I think the operation I do for bottoming out would be very hard to do under local without the patient having considerable discomfort. I usually use strong, permanent sutures that I place deeply into the layer just above the ribs and I don't think I could get good anesthesia with just local. Or I use a piece of Strattice to form an internal bra and that operation is very, very complex and again, I wouldn't want to try it under local.
Now if you had the opposite problem and the implant needed to come down, doing that is usually quite easily done with local.
I'm sure your surgeon is trying to save you money by not having an anesthesiologist but honestly, it is so important to get these revisions right and not compromise what is done because of patient discomfort. I think the money spent on an anesthesiologist is money well spent.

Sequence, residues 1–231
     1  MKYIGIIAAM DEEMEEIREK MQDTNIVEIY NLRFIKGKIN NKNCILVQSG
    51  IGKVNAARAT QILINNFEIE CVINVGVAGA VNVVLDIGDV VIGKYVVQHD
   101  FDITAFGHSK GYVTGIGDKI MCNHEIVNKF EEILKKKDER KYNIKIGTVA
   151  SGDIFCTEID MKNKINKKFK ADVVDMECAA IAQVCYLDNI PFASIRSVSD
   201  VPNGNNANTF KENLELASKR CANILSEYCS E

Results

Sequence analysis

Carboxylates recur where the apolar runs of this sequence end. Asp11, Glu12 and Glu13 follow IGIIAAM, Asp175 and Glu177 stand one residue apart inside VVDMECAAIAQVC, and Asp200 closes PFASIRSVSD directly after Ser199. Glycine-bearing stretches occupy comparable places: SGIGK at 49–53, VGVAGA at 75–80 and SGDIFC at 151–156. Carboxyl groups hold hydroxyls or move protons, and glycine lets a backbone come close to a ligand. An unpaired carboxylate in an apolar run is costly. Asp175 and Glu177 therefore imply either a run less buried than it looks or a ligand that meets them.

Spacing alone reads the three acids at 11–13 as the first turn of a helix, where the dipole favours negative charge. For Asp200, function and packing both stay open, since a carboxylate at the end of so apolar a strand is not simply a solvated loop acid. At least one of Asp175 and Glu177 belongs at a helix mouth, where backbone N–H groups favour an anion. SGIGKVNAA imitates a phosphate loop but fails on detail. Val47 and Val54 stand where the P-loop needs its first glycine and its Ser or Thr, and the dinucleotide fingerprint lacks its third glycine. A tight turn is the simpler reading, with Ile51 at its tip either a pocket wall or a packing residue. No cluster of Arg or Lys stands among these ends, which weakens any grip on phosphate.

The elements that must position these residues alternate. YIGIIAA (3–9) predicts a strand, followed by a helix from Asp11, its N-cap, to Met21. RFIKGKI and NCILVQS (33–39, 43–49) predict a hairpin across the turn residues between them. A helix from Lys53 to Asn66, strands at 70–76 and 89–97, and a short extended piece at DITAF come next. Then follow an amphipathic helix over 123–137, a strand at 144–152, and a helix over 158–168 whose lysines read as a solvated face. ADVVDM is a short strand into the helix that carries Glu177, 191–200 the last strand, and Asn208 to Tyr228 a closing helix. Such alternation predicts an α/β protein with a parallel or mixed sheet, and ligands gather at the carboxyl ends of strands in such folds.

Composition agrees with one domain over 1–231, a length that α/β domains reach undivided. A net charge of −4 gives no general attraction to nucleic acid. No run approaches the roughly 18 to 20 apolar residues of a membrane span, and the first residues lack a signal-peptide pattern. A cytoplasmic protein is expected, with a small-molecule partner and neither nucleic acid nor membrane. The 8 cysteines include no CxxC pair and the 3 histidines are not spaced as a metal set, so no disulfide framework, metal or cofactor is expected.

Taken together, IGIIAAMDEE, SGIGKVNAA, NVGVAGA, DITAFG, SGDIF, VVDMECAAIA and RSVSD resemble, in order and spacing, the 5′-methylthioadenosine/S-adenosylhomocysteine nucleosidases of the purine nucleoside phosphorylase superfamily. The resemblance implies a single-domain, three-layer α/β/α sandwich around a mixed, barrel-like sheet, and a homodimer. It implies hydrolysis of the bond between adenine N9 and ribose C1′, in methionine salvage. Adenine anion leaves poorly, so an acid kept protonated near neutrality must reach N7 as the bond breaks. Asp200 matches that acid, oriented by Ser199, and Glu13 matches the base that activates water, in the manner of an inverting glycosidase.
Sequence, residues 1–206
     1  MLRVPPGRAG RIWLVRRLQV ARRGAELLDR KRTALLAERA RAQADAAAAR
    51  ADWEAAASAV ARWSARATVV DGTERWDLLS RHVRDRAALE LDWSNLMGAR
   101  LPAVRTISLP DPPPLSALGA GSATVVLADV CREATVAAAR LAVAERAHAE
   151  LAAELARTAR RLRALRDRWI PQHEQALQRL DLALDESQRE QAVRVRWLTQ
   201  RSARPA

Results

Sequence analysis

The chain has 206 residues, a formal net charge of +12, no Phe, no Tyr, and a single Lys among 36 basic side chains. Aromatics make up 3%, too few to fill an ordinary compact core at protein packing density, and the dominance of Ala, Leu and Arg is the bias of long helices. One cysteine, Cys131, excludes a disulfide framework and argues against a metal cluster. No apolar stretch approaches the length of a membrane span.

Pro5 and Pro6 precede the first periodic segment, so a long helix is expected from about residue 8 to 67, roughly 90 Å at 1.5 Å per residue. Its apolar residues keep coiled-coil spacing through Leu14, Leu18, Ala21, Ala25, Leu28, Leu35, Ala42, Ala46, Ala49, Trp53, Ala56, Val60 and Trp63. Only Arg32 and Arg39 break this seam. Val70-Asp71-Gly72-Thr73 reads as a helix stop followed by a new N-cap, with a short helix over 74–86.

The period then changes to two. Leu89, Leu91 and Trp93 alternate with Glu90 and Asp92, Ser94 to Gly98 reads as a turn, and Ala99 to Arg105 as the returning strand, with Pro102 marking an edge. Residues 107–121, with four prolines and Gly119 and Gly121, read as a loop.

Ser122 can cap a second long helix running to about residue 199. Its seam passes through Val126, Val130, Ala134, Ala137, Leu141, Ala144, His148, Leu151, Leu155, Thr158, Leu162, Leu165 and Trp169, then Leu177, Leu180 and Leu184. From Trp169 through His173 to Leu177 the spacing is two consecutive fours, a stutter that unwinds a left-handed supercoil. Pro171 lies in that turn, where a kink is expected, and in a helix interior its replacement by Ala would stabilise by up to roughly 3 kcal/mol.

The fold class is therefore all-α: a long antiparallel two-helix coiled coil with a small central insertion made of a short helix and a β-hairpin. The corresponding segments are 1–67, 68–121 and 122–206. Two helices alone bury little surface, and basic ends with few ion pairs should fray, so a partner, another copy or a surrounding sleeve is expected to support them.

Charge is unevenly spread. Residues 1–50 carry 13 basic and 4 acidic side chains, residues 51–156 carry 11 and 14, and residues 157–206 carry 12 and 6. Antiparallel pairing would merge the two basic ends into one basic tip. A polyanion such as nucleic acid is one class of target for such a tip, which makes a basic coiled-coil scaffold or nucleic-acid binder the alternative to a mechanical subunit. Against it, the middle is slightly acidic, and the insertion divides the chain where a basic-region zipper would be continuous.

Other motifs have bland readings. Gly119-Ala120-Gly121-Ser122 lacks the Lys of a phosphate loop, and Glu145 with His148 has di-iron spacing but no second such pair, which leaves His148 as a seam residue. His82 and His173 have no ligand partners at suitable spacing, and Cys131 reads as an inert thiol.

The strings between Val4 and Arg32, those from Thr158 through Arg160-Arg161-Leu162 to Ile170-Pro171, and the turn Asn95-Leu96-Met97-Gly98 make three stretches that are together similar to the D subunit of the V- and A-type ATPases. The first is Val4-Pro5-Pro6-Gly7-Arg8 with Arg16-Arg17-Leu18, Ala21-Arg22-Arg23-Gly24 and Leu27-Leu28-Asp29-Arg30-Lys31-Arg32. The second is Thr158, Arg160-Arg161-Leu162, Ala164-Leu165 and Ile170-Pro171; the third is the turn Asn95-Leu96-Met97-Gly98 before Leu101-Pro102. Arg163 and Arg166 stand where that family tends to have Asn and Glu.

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Breast revision under local
I agree that the procedure can be done under local in most cases. Your surgeon is likely trying to,save you the cost of an anesthesiologist which You would probably have to pay for. The greatest risk with the operation is recurrence of bottoming out; it's not always that easy to correct and for it to hold up over time.
Bottomed out under local? Not for me
To fix a bottomed out implant involves using many sutures into the tissues near the ribs and this hurts. I would not advise it under local, maybe revisit this with your doctor.
Bottoming Out Revision Under Local Anesthesia?
For me to revision a "bottoming out" would be very difficult under local anesthesia. Maybe you should discuss this more.
Revision breast surgery under local anesthesia